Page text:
• When reflection occurs, little to none of the light enters the material.

  • Even “dull” looking materials reflect light. If you can see it, it is reflecting.

  • Color is determined by reflection.  For example, a red object reflects red light but absorbs other colors.

Show slide 15 and share the definition of Transmission.  You’ll want to make sure and share the following information with your students as well.

  • Many materials allow light to pass through while absorbing virtually no energy from them.

  • These materials look clear and are transparent.

  • Translucent materials allow light to pass through, but scatter the wave direction, making the material look cloudy

Show slide 16 and share the definition of Refraction.  You’ll want to make sure and share the following information with your students as well.

  • When light travels from a less dense medium into a more dense medium (air into water, for example) its speed and wavelength both slightly decrease.  But its frequency (color) remains unchanged.  

  • A change in the direction of light always accompanies this speed/wavelength change. When this happens, the path of the waves appears to bend. We call this bending refraction.

Show slide 17 and play the video, titled “Refraction Explained.”

After the video, discuss the remaining vocabulary words on each of the upcoming slides. 

Show slide 18 and share the definition of Absorption.  You’ll want to make sure and share the following information with your students as well.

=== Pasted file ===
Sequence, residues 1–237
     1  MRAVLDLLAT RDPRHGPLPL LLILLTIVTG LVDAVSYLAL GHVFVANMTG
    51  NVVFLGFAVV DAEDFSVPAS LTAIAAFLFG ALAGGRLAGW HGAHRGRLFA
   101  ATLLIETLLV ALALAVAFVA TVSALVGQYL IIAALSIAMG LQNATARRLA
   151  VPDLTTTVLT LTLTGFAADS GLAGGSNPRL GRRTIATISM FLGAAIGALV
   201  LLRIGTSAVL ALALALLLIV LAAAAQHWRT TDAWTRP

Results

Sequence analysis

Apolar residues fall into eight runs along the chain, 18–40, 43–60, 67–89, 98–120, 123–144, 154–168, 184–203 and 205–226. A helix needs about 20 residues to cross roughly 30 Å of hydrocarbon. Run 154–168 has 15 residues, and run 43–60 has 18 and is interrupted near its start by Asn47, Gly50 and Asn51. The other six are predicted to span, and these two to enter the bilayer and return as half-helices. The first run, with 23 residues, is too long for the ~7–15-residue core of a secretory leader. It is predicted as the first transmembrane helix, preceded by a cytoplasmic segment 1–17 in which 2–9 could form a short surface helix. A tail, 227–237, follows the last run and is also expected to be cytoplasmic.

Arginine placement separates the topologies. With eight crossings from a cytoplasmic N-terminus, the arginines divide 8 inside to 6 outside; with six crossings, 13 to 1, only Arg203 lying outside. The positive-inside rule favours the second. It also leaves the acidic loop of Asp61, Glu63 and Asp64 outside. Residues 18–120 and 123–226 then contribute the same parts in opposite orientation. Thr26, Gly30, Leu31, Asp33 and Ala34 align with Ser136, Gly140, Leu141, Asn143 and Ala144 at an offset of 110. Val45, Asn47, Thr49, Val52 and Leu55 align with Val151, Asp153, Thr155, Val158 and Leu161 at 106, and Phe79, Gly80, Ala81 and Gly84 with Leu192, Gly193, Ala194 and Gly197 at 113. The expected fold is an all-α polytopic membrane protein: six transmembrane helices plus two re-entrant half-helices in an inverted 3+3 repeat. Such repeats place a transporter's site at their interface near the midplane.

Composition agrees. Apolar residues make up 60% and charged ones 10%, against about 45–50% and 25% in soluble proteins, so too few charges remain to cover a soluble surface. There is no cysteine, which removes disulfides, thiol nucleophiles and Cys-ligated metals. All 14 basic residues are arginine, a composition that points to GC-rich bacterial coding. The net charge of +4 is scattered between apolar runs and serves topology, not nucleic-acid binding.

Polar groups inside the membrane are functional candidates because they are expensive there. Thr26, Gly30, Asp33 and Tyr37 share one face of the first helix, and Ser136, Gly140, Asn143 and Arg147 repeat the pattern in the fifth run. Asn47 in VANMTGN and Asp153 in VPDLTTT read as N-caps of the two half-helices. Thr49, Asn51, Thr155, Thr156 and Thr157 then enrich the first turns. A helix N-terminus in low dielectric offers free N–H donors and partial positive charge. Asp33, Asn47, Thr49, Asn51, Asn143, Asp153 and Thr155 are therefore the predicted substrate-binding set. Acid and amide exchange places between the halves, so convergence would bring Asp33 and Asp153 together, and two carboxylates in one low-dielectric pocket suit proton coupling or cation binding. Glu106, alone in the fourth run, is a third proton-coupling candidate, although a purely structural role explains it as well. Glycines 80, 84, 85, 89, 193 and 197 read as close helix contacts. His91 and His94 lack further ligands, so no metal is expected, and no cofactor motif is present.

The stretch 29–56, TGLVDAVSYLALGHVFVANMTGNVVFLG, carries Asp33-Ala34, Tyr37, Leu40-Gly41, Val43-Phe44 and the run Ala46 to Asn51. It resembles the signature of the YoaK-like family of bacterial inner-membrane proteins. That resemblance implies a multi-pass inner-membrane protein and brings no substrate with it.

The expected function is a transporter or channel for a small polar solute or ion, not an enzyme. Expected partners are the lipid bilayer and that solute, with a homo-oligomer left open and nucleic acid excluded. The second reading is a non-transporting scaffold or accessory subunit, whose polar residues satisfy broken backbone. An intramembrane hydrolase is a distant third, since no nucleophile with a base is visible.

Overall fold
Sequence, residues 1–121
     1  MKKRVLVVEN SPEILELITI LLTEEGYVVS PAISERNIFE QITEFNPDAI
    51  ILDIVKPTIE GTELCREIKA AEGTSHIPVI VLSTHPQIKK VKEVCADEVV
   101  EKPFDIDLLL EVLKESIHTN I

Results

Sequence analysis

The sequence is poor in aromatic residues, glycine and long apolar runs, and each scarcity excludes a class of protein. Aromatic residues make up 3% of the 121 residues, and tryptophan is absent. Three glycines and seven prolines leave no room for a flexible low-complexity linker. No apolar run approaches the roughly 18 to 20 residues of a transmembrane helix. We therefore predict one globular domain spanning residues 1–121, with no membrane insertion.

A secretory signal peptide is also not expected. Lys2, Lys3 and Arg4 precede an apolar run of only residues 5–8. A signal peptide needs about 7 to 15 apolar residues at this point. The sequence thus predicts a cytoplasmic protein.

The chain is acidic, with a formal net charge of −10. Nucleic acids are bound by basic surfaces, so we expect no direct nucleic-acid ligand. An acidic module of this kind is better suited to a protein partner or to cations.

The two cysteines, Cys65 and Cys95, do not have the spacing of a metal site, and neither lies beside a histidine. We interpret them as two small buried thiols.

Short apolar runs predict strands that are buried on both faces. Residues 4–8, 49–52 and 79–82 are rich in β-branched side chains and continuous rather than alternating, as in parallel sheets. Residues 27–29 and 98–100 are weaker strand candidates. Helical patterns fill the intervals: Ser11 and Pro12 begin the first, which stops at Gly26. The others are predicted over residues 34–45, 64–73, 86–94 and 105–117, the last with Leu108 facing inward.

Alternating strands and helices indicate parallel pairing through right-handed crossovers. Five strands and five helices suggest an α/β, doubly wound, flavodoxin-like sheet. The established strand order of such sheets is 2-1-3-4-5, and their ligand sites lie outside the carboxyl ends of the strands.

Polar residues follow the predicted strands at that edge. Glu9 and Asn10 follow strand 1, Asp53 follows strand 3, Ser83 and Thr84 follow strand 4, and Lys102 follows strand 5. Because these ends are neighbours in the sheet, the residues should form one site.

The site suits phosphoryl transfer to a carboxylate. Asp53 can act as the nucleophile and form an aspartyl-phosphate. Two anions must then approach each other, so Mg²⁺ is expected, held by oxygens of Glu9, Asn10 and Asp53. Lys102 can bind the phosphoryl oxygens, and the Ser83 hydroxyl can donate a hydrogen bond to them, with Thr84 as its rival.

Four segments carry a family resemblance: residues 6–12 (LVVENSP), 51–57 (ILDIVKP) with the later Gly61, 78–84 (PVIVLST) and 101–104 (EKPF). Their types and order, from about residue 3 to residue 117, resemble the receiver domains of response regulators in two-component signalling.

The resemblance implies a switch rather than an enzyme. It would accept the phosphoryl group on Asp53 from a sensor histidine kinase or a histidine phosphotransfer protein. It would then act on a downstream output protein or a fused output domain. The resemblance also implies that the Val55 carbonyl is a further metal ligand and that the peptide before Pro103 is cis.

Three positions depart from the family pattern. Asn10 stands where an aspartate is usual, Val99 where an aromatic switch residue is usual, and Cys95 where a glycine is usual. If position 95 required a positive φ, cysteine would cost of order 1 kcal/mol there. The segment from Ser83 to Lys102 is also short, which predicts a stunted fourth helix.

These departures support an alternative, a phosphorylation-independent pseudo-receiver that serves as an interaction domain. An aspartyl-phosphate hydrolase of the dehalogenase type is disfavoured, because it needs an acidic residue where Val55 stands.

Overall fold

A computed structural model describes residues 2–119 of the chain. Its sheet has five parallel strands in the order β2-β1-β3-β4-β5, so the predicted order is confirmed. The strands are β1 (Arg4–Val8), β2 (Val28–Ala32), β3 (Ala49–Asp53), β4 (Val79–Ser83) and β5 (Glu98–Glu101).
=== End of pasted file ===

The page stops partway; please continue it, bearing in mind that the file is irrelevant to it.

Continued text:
• Absorption occurs when matter absorbs the energy contained in EM waves.  Total absorption results in all of the energy being transferred to the matter, with the EM wave vanishing.

Show slide 19 and share the definition of Emission.  You’ll want to make sure and share the following information with your students as well.

  • Emission is a special property of some materials that is observed when they absorb EM waves.

  • Fluorescent materials absorb energy from EM waves.  This excess energy causes the material to emit new EM waves with a lower energy and different color than what was absorbed.

  • In our demonstration the light from the red laser did not have enough energy to trigger emission.  It passed right through the dye. The light from the blue laser has much higher energy and triggered the emission of bright yellow/green light.  All of the blue light was absorbed in this process. 

  • Materials react differently to EM radiation depending on how much energy it contains.


15 Minute(s)

Show slide 20.

Assign students to work in groups of 3-4 to develop a list of other types of electromagnetic radiation that have not been discussed so far. Have them write their notes on notebook paper. Ask each group to share one type of electromagnetic radiation they have discussed in their groups.


30 Minute(s)

Show slide 21. Introduce the Concept Card Mapping strategy to students. Ask students to return to their groups of 3-4. Pass out the attached Concept Card Packet to each group.

Provide time for students to sort the concept cards and to decide how the cards should be connected to each other. Encourage students to use their vocabulary packets to assist with grouping the concept cards. Have students glue or paste their concept cards to the poster board and draw lines to show connections among the cards.

Collect the completed mapping poster to assess students’ understanding of the unit content.

Optional Unit Evaluate

Use a resource, such as released work from the OSTP (Oklahoma State Testing Program) or The Wonder of Science, to help prepare your students for the end-of-the-year assessment.